Cardigan, thrifted F21 | Button-down, Burlington Coat Factory (men's section) | Skirt, China | Necklace, Love Nail Tree | Boots, Tommy Hilfiger
My heart pounded as I scanned the dining hall. Dishes full of the oh-so-appetizing bland vegan offerings balanced precariously in my arms, I gingerly began walking the direction of my first subject.
Much to my relief, she smiled. "Of course!"
Over the next few days, I found myself initiating more conversations with strangers, be it in my dining hall, or on the subways of Boston. As an extrovert who has no trouble making small talk, it was surprisingly nerve-wracking to plunge into my social psych experiment.
For our norm violation paper, my partner and I chose to converse with strangers. After the early weeks of freshman year, I've noticed my classmates retreat to their small circle of friends, rarely sitting with more distant acquaintances, let alone strangers. Gone are the days when group boundaries had yet to appear, and reaching out to new faces was the norm. Luckily, this experiment was a good excuse reach out.
I've spoken in Mandarin with a Chinese native on the Boston subway. I've met fellow students who are impressively well-rounded. I've talked music with a girl rocking a fierce red undercut. I've been inspired by the extensive travels of my college's film department coordinator.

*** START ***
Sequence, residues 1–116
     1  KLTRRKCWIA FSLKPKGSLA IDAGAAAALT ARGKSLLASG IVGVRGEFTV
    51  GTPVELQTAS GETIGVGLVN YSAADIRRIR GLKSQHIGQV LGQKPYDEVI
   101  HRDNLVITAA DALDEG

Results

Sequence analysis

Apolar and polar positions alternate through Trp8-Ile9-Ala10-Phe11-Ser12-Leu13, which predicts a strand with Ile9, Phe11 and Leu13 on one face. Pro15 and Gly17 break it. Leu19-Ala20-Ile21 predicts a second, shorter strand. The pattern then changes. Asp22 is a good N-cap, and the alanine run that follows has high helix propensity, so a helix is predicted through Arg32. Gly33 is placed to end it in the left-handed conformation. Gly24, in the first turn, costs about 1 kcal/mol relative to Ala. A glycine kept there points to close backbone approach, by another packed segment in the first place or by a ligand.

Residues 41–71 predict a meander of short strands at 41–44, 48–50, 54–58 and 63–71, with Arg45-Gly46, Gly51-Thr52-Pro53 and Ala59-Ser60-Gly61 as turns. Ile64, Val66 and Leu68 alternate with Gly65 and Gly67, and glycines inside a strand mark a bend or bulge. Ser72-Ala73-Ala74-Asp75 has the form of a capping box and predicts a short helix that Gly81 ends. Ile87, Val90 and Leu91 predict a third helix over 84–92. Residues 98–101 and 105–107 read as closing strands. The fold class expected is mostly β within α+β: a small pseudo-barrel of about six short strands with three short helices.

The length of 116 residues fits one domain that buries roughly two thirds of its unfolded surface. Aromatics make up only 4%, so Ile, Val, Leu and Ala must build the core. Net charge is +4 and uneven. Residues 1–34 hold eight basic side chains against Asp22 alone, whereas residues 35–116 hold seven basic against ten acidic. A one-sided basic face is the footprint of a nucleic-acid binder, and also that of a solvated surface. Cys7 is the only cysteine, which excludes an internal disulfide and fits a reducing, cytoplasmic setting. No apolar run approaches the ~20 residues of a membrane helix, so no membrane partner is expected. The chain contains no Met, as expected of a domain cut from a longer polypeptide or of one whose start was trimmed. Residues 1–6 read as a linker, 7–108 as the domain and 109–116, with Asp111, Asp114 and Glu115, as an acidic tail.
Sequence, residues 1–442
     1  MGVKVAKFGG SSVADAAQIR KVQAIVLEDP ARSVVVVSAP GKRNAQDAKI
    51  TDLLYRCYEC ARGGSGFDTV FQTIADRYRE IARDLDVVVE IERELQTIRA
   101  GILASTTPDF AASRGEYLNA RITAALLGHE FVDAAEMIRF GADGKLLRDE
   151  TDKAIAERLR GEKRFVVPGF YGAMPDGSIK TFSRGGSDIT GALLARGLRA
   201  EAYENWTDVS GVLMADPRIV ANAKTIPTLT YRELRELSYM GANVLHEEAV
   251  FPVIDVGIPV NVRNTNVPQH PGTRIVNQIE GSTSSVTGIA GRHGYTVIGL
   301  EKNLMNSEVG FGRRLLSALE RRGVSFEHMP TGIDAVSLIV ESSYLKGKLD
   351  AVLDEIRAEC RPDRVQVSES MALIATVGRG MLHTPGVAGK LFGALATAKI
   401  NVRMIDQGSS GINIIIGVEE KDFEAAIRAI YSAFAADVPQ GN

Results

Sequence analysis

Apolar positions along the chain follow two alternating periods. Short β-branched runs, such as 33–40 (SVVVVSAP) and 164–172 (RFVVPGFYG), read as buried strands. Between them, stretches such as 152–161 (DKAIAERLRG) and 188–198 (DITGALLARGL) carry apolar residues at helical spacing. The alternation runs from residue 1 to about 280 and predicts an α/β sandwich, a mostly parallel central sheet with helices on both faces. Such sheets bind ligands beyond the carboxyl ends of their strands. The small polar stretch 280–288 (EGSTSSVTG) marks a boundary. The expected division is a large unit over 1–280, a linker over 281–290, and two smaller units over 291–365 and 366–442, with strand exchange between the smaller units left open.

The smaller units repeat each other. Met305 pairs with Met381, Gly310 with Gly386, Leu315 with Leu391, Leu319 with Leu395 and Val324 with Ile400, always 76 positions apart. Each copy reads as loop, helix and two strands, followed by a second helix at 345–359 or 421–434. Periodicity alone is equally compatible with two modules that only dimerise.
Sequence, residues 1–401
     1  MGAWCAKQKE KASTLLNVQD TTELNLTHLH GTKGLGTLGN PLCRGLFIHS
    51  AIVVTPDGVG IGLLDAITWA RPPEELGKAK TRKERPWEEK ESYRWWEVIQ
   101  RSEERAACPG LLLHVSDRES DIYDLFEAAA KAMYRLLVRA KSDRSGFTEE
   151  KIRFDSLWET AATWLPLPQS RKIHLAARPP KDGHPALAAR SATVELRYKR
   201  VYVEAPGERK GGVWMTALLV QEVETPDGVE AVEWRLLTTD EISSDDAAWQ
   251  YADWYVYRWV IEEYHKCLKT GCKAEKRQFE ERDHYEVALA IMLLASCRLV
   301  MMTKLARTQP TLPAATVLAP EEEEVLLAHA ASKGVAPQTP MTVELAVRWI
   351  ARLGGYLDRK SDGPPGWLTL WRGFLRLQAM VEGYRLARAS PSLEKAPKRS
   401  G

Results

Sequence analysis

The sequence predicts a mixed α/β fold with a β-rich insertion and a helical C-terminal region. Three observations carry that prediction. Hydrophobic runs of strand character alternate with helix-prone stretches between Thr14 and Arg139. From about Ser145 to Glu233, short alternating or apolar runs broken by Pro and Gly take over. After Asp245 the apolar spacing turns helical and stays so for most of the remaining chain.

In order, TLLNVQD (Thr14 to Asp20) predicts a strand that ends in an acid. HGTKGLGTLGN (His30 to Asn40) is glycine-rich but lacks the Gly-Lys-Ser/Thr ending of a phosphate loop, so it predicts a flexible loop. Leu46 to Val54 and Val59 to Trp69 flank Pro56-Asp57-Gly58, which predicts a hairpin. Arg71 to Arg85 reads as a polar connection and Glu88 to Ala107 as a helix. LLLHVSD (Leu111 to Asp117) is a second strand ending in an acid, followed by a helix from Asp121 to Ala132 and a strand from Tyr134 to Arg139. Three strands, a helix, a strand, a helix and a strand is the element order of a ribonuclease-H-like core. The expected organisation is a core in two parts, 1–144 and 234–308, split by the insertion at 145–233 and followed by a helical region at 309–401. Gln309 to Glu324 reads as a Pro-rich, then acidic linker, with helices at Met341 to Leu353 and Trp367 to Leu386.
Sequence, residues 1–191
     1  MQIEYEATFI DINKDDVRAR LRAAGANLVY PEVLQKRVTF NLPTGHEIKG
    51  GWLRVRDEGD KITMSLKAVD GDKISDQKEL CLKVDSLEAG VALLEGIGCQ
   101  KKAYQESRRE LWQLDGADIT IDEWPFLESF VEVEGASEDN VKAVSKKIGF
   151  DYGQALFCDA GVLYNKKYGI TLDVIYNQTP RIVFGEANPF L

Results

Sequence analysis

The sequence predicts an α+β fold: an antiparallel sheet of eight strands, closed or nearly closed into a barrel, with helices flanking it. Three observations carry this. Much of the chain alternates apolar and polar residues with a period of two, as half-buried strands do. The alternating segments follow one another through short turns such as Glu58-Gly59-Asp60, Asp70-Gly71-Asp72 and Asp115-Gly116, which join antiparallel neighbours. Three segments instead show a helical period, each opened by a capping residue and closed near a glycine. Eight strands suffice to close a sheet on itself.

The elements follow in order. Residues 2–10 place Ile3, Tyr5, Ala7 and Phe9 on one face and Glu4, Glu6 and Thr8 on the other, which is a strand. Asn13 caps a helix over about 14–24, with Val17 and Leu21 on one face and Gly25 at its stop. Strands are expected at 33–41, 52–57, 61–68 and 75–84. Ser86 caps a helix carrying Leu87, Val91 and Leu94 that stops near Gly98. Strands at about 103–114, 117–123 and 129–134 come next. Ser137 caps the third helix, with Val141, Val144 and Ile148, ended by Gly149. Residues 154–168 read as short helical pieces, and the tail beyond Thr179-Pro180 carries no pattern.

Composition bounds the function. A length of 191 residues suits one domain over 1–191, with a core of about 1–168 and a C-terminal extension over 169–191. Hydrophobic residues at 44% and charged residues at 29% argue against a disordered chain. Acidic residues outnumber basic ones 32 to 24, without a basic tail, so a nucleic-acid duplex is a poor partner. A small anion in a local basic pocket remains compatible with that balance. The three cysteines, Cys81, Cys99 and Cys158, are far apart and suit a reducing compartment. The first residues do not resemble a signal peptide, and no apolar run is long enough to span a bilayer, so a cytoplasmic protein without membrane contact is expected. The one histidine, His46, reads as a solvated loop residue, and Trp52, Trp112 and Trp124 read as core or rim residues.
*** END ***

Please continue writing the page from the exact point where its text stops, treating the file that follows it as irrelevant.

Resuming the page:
Of my twelve subjects, not a single response was negative. Eleven people were happy to make small talk, one was neutral but polite. Of the subjects I was able to debrief, I asked the following questions: What was your initial reaction to my approach? Why do you think people often choose to keep to themselves?
Several people were surprised at first. Others thought nothing of it. Many found the conversation a pleasant experience and wished that people reached out more often.
They hypothesized that people in general were afraid of being vulnerable. Of the possibility of rejection. Of appearing weird for breaking a social norm. Or, perhaps that they've internalized a previous negative experience interacting with strangers.
But with the risk of rejection comes the possibility of connection. That's a chance I was happy to take, and will continue to be happy taking.